FASHION and jazz music have been interwoven for decades. But
for the first time, fashionistas and jazzlovers
are being asked to make a “jazz-fashion” statement by wearing proudly South African clothing to the 15th Cape Town International
Thousands are expected to gather for the annual two-day live music extravaganza this weekend and the event’s organiser, espAfrika, is encouraging festival-goers or “festinos” to wear locally designed clothes.
One of the major highlights is that all the clothing memorabilia
for the event has been sourced locally.
The “wear local” or “wear South African” drive is the brainchild of
the South African Clothing and Textile Workers Union (Sactwu), the country’s largest trade union in the clothing, textile, footwear and
leather (CTFL) industry, aimed at shining a spotlight on the importance of buying locally produced goods.
”The jazz festival has positioned itself as the premier event, not
only in Cape Town, but in South Africa. And it prides itself on
focusing on and promoting local talent. It’s the perfect platform to
showcase locally produced apparel,” says Sactwu spokesman Fachmy Abrahams.
The “wear South African” initiative has been part of the union’s
campaign to save thousands of jobs in the CTFL industry since the
early 1990s to address the issues of imports into the country.
“About 100 000 jobs were lost due to the influx of imports when
our borders opened in the beginning of a democratic South Africa.
Since then, the number of imports coming into the country has been hard to police.”
The “wear local” campaign at the jazz festival is an effort to promote local fashion. “The more people wear local clothes, the more retailers will be forced to buy and stock locally produced goods”.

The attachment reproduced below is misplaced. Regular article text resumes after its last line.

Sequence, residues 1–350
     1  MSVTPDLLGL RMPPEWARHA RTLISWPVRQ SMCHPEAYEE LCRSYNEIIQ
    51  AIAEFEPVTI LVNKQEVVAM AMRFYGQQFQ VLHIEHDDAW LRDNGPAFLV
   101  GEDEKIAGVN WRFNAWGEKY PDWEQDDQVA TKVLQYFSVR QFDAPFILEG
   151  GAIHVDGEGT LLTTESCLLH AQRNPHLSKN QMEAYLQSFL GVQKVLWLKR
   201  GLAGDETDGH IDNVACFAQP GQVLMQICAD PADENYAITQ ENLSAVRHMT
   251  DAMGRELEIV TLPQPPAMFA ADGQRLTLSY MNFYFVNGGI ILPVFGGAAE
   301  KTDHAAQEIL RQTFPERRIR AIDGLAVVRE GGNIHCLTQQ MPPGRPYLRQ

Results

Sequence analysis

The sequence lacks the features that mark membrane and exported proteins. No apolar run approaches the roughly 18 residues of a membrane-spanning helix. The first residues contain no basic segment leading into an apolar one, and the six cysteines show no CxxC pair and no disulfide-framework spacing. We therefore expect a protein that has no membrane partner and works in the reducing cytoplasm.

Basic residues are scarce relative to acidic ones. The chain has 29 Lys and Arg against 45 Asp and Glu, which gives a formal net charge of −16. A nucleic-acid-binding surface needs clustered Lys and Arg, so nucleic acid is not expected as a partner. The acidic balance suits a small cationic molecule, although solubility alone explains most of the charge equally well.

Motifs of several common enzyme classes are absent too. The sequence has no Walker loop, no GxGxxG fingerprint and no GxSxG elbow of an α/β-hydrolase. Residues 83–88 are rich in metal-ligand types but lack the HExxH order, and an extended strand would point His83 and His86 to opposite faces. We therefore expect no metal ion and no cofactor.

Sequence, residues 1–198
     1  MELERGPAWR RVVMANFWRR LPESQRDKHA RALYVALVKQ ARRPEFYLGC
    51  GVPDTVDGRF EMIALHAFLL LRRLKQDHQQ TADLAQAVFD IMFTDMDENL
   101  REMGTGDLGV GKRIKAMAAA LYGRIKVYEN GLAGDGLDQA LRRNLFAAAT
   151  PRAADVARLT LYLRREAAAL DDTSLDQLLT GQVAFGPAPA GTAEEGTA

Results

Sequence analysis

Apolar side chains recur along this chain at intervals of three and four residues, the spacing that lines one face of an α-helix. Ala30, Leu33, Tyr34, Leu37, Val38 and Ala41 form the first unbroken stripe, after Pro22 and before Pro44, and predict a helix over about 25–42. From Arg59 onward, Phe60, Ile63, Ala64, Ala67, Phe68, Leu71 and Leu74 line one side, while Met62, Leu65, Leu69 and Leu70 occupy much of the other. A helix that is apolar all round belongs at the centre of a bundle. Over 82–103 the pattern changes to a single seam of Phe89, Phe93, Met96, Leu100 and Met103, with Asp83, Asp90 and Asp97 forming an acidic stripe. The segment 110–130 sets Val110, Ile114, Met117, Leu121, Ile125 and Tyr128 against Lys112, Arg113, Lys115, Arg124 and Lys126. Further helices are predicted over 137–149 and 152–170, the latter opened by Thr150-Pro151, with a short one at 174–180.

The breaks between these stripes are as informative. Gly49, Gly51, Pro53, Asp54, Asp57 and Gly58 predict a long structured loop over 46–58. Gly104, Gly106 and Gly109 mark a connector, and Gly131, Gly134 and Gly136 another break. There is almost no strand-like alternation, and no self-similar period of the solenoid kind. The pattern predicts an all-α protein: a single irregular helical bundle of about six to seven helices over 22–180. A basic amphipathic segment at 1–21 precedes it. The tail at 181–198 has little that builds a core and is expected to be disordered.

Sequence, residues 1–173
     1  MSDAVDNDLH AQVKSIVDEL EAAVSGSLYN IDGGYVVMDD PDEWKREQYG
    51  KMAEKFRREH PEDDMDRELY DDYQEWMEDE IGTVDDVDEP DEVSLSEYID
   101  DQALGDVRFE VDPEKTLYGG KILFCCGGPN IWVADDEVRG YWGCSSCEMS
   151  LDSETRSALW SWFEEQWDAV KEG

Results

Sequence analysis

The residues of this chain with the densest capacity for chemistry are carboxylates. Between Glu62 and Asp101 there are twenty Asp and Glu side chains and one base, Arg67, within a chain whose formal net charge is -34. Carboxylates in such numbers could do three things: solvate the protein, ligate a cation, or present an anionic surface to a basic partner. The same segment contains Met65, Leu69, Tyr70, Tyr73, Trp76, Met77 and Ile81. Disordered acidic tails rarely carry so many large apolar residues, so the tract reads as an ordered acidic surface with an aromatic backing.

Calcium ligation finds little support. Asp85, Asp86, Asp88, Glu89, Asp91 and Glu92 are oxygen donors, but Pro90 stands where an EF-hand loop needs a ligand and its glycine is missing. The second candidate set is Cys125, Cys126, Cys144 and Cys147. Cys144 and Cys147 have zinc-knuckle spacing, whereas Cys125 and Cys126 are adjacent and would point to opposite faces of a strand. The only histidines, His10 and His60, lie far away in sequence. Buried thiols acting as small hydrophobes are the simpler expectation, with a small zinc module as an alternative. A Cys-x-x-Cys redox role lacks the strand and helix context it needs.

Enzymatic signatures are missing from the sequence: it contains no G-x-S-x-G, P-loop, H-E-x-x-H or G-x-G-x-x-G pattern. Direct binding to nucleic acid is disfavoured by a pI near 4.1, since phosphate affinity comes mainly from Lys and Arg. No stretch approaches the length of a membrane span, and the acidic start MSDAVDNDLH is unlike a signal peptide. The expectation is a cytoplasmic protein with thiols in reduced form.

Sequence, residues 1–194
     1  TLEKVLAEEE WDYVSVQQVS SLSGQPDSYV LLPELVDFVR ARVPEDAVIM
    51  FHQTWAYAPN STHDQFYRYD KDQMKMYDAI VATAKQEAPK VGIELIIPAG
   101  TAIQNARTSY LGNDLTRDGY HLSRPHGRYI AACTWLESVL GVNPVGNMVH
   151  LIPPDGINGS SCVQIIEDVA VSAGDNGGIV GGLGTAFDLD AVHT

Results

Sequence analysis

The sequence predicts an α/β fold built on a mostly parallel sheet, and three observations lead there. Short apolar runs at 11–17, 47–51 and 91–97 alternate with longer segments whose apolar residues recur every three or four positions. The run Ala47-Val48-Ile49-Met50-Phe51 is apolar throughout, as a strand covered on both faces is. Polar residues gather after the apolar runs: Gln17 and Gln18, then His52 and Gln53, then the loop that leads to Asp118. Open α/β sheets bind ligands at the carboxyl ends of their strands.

Taking on the challenge of showing how “festinos” can look effortlessly jazzy and fashionable at the festival, are young Cape Town designers Kim Gush, Julia M’Poko and Ernest Mahomane.
The trio showcased their jazz inspired designs last night during
an intimate evening at the Cape Town International Convention Centre (CTICC), titled “Fashion and all that Jazz”.
Local jazz acts such as Shakatak, and Jimmy Nevis serenaded guests while we enjoyed dinner.
The Cape Argus catched up with Elle Rising Star 2013 finalist M’Poko at her home in the city, while she was putting the finishing touches to her garments.
The Cape Town College of Fashion Design graduate says being chosen to showcase at Fashion and all that Jazz feels very “surreal”.
“It’s a very special occasion for me as a lot of designers won’t get an opportunity like this,” she says. “It’s a lot of pressure and nerve-racking, but a learning curve as well”.
M’Poko will showcased seven garments from her brand “Julienne” – that speaks to “confident, strong and sexy women who want to look as glamorous in the office as on a night out,” she says.
Her collection was made-up of clean lines, feminine
hues of whites and blues, and fabrics such as leather, upholstery, mohair and silks.
M’Poko says her collection was inspired by the jacaranda trees she saw while driving in her home town, Pretoria, while the illustrations on her fabrics are inspired by her love for African prints.
“I’m obsessed with African prints. They symbolise the strength and beauty of African women,” she says.
“People are slowly, but surely buying local brands as they start
to realise that we have so much to offer and there is no need to
Catering for different markets, M’Poko has two versions
of her brand. One is toned down and made of affordable material such as cotton, while the other involves luxury fabrics such as silk and chiffon.
This story first appeared in the Cape Argus (March 26 2014) Pictures by Jason Boud